Online diploma mills, which require little or no coursework to complete a degree have recently garnered much attention within the online education realm. Websites which offer questionable diplomas for hundreds of dollars target vulnerable consumers seeking a degree to improve their life prospects, while simultaneously casting a shadow over legitimate online educational institutions which offer accredited programs and a complete educational experience including coursework, teacher interaction, and grading. In the latest crackdown on online diploma mills, the Federal Trade Commission obtained a temporary restraining order against Diversified Educational Resources, LLC and Motivational Management & Development Services, Ltd., companies which generated millions of dollars by selling worthless high school diplomas to thousands of consumers.
According to the allegations of the FTC’s complaint, the defendants have been operating purported online education sites since 2006, under the names Jefferson High School Online and Enterprise High School Online. The FTC alleges that the websites misleadingly represent that these are accredited schools by saying that the defendants “[p]rovide a respected and recognized high school diploma equivalency program,” that students completing the program will be “high school graduates,” and that the schools are registered with the Florida Department of Education. While the latter statement is technically true, the websites do not reveal that registering with Florida’s School Choice Program does not mean that the programs are accredited but rather, according to the complaint, registration is merely a “ministerial act, based solely on their own self-reported answers to Florida’s annual private school survey” which the Florida Department of Education does not verify. The truth of the accreditation status can only be found buried in dense paragraphs of text, in which the defendants note that they are “actively pursuing accreditation options” although they have not applied for any yet.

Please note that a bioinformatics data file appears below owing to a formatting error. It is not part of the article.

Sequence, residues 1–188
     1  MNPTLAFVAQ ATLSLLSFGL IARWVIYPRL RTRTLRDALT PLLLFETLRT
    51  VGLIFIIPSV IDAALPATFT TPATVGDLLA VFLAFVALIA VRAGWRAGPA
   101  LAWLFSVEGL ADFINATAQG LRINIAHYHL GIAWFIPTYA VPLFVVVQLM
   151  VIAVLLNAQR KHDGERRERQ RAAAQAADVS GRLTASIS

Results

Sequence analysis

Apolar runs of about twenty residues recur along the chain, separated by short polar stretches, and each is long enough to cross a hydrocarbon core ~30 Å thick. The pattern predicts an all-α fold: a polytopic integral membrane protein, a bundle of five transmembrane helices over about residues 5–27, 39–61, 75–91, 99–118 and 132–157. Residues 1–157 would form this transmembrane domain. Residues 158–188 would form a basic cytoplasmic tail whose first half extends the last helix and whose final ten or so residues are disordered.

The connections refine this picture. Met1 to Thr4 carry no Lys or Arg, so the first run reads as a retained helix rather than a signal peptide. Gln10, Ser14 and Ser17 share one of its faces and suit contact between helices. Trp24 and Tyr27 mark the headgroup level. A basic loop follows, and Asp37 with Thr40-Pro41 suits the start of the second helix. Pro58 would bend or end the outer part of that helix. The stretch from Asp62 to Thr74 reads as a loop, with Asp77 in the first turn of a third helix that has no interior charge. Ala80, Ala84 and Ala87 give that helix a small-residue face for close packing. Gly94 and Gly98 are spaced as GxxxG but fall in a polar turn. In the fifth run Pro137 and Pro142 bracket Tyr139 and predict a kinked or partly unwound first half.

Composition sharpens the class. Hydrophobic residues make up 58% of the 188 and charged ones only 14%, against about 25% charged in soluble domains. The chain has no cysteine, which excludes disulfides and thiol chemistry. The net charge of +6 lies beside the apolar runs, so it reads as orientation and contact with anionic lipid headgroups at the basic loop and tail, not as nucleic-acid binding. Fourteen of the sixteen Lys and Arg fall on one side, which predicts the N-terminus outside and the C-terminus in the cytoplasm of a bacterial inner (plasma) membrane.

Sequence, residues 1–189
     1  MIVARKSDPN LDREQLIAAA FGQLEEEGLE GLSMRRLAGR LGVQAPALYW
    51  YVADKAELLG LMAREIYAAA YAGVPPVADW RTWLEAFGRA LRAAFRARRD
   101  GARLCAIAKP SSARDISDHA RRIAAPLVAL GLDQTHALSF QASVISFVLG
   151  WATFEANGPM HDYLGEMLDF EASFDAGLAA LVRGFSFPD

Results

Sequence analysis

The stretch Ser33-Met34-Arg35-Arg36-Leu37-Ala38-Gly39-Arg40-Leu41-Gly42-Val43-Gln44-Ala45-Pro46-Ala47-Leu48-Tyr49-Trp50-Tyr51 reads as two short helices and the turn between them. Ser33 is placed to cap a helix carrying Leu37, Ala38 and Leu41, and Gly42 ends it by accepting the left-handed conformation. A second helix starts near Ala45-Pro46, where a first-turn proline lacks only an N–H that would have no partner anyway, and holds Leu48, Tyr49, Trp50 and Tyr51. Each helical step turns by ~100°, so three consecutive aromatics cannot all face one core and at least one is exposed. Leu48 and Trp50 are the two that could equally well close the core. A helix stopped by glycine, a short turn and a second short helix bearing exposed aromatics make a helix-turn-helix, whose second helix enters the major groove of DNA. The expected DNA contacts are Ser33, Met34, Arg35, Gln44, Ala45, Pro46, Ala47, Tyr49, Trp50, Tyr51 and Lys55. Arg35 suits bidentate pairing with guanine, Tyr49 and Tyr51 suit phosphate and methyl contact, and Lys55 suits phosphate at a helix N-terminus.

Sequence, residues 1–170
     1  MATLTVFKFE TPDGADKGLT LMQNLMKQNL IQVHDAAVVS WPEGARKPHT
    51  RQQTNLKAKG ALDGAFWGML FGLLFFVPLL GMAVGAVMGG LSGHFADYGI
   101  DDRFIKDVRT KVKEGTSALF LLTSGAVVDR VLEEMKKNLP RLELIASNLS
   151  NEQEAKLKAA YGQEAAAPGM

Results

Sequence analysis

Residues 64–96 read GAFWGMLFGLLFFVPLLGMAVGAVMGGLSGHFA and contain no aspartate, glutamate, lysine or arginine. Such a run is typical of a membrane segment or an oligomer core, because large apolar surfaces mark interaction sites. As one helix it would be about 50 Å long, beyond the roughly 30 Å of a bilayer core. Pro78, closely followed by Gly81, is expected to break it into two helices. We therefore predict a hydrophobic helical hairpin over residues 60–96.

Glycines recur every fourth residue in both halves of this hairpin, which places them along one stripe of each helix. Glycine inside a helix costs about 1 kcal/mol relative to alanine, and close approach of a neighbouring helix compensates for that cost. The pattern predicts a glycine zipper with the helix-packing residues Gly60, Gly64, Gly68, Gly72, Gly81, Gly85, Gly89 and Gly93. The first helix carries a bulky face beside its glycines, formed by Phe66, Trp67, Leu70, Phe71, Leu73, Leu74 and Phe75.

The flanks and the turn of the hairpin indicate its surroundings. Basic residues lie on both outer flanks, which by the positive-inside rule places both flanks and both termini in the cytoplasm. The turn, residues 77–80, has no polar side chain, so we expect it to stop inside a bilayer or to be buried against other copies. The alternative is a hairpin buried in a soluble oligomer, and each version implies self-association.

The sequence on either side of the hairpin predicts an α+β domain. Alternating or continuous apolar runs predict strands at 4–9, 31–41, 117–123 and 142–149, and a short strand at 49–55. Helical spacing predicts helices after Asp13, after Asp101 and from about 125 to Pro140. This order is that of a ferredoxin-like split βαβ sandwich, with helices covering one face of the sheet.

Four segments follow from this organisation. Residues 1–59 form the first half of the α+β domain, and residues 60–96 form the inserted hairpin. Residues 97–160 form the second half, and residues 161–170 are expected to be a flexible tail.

Consumers paid $200 to $300 to register on the websites. Those fees did not entitle them to any coursework, education, or test preparation. Rather, customers were immediately prompted to take a “test,” which was nearly impossible to fail because the websites provided hints to ensure that customers passed. After passing the test, customers received diplomas bearing the name “Jefferson High School Online” or “Enterprise High School Online.”
The “diplomas” that the defendants issued to customers were useless, according to the FTC. Many customers learned that their diplomas were invalid after unsuccessfully attempting to use them to apply to jobs, enroll in college, or join the military. Further, unsatisfied customers who sought a refund were refused, according to the FTC. Through this scam, the complaint says, the defendants collected over $11 million since 2009 without providing a real education product or service.
The U.S. District Court for the Southern District of Florida issued a temporary restraining order and asset freeze in response to these allegations, suspending the domain names and prohibiting any material misrepresentations regarding online education. The case remains pending in the Southern District of Florida and the defendants’ responsive pleadings are due in October.
Online Fraud and Abuse